Japan Ditches Huawei for 5G Service Rollout

Japan's decision was made after the U.S., New Zealand, and Australia enacted laws to prevent Huawei from supplying 5G equipment due to security concerns. (Image: Screenshot / YouTube)
Japan's decision was made after the U.S., New Zealand, and Australia enacted laws to prevent Huawei from supplying 5G equipment due to security concerns. (Image: Screenshot / YouTube)

Japan has apparently excluded Huawei as a potential equipment supplier for the country’s 5G infrastructure build-out. The decision was made after Japan’s key allies —  including the U.S., New Zealand, and Australia — enacted laws to prevent Huawei from supplying 5G equipment due to security concerns. It is believed that Huawei might be colluding with the Chinese Communist Party (CCP) to spy on other countries.

Banning Huawei 5G equipment

Cybersecurity officials from various Japanese governmental departments reached an agreement to block Huawei, but have not explicitly named the company publicly to avoid straining ties with China. A ban from Japan would be a huge setback for Huawei, as it would be the first time that an Asian country has pushed back against its business.

In August, various Japanese media outlets reported that the government might ban Huawei. The company dismissed such reports as unsubstantiated rumors. As of 2017, Huawei had about a 13 percent share in the Japanese telecom equipment market. With the new ban, the company’s market share is expected to drop over the coming years.

Meanwhile, Japanese mobile carrier SoftBank will be replacing their Huawei 4G hardware with equipment from Nokia and Ericsson. For 5G, the company is said to have contracted two European firms. Since SoftBank is the only telecom carrier in the country that uses Huawei hardware, the latest move would mean a complete boycott of Huawei by Japanese private telecom carriers.

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Japanese mobile carrier SoftBank will be replacing their Huawei 4G hardware with equipment from Nokia and Ericsson. (Image: wikimedia / CC0 1.0)

Beijing is reportedly furious with Japan’s action and has termed it discriminatory. “There is no evidence that Huawei and ZTE products have security risks… [The ban might signify] discriminatory practices against specific companies in specific countries, which is unfavorable not only for Japan in attracting foreign investment, but also for economic cooperation between China and Japan,” the Chinese embassy in Tokyo said in a statement (Nikkei Asian Review).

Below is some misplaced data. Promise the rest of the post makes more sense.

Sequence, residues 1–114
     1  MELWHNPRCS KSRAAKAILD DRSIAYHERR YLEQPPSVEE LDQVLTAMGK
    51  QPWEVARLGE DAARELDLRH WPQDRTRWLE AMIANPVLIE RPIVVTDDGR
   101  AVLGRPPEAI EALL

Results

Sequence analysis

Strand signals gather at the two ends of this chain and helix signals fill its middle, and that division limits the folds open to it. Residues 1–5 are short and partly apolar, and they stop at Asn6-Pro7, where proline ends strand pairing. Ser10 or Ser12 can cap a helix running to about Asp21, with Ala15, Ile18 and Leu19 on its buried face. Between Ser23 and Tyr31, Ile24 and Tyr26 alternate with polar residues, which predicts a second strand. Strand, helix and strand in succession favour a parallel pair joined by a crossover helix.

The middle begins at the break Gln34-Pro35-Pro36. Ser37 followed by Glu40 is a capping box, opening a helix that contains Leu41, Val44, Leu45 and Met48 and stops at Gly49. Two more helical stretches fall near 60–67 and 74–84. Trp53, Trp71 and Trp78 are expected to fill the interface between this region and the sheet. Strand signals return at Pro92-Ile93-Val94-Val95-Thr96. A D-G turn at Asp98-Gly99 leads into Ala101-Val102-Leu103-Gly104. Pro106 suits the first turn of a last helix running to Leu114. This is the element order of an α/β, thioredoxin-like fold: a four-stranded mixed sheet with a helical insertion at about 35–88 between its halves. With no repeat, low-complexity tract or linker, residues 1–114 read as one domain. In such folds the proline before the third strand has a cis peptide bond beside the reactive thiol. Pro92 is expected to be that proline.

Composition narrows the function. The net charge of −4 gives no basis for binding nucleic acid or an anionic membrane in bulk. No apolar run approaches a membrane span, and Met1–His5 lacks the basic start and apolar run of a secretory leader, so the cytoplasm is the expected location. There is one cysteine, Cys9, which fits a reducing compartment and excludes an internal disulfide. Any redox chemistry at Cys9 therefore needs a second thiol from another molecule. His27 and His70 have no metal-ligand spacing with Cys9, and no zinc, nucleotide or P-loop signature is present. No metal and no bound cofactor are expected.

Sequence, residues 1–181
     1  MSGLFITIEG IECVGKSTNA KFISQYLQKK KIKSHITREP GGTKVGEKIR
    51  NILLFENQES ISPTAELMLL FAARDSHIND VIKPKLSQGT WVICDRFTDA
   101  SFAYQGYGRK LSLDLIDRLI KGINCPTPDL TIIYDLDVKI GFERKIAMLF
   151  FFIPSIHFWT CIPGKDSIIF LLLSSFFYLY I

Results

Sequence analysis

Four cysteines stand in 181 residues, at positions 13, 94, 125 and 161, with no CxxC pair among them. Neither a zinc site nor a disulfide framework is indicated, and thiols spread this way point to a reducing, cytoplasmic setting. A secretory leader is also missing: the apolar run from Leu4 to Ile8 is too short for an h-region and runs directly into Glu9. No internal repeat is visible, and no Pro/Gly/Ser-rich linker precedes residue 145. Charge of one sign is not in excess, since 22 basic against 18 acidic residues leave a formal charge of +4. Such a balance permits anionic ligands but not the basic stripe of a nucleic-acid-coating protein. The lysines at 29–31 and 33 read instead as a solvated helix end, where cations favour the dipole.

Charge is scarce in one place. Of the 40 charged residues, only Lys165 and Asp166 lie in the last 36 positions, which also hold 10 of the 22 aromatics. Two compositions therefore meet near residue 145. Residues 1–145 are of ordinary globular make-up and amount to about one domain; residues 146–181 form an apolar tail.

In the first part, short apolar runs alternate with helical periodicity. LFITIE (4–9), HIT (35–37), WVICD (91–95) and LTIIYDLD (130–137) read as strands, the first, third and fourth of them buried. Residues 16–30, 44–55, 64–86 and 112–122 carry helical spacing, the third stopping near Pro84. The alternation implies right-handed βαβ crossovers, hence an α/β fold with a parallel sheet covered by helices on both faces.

Despite China’s protest, it is very unlikely that Japan would consider using Huawei or any other Chinese tech in the government sector anytime soon.

Private sector boycott

The Japanese administration is also planning to expand the boycott of Chinese tech equipment to the private sector, especially in sensitive industries like communications, transportation, energy, finance, and so on. Such industries are considered to be critical for the efficient functioning of society. As such, the Japanese government does not want companies to be vulnerable to Chinese technologies and subsequent espionage.

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The Japanese administration is also planning to expand the boycott of Chinese tech equipment to the private sector in sensitive industries including the transportation industry. (Image: via pixabay / CC0 1.0)

“The government will create a critical infrastructure investigation committee in January under its cybersecurity strategy headquarters, led by Chief Cabinet Secretary Yoshihide Suga. The committee will explain its guidelines to representatives from groups including the Federation of Electric Power Companies of Japan, the Japan Water Works Association, the finance industry, and the insurance sector, and ask them to refrain from buying vulnerable communications equipment,” according to Nikkei Asian Review.

However, the Japanese government will stay away from officially preventing these companies from using Chinese tech hardware. Instead, the administration will negotiate and request private sector companies to comply with its directions.

The U.S. has already banned the use of Huawei products in government departments through the National Defense Authorization Act passed in August this year. Australia and New Zealand followed suit and banned the company’s 5G hardware. Countries like the UK and Canada are also said to be seriously considering banning Huawei products.

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